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    Homeowners can extend the life of their heating and cooling unit with this one simple task: changing the air filters. If you have a hard time remembering, especially as a new homeowner, try stocking up on a year's supply of filters at once. Then, change them out bimonthly to ensure proper performance and improve the overall air quality in your home. 


    Related: The 1-Hour Home Energy Audit That Can Save You Money Every Month

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  6. Aerate the Lawn

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    If the grass seems greener on the other side of the fence, it’s probably because your neighbors are remembering to aerate their lawn. Aeration involves puncturing the soil with small holes to allow air, water, and nutrients to penetrate the grass roots. If you want your new lawn to serve as the bright green backdrop for all those barbecues you have in mind, then don't forget to aerate twice a year, once in the spring and once in the fall.


    Related: Ultimate Lawn Care Guide: 12 Steps to a Prize-Winning Yard

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  7. Keep the Receipts

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    Did you know money spent on capital improvements can help lower your tax bill when you sell your home? Substantial remodeling, such as building a deck or installing new cabinets, increases the cost basis of your property. Tax rules let you add capital improvement expenses to the cost basis of your home. A higher cost basis will reduce your total profit—your capital gain—when you ultimately sell. As you pay tax on this profit, a lower gain will equal less tax. So, keep the receipts and save!


    Related: 8 Things New Homeowners Waste Money On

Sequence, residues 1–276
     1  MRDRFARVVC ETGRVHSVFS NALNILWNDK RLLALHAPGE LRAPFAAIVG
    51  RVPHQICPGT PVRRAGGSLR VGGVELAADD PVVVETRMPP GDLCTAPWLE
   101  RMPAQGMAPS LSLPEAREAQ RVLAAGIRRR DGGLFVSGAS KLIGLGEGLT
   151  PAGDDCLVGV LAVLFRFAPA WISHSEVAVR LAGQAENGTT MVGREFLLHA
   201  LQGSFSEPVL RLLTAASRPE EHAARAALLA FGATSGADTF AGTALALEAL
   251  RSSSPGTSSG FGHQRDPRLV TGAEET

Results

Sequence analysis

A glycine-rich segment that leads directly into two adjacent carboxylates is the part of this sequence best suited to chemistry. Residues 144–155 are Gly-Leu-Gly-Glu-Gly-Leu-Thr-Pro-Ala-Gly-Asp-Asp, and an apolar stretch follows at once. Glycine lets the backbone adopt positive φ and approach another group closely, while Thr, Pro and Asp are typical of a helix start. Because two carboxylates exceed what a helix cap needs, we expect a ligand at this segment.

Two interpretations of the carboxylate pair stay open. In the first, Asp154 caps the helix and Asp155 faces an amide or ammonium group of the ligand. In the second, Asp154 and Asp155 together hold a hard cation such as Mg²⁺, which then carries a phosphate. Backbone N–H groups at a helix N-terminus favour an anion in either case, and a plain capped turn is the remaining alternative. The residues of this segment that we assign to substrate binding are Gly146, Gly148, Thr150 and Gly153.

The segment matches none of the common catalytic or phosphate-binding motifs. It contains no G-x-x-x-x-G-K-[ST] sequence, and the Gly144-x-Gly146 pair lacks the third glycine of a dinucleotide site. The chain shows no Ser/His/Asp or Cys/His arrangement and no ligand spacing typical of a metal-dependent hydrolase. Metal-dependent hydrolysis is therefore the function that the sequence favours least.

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  8. Sweep the Chimney

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    New homeowners have a lot on their minds and usually aren't thinking much about fireplace maintenance. But even if you don't plan to use your fireplace regularly, you still need to hire a chimney sweep to get the stack, smoke ducts, flue pipes, and the rest of the structure in order. This is an every year must-do, not only to prevent gas emissions and soot fires, but also to keep animal nests, deterioration, and other unforeseen factors from causing potentially dangerous problems.   


    Related: 10 Easy Curb Appeal Updates

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  9. Label the Electrical Box

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    When you move into a new home, it's important to spend time labeling all the breakers in your electrical box. The first time the power goes out or an emergency situation arises, you'll be glad you did this. Simply determine which circuits serve which outlets, and then label the breakers accordingly. If the previous homeowners have already labeled the box, double-check that their map is correct before crossing this off your to-do list.


    Related: 10 Essentials for Any Survival Kit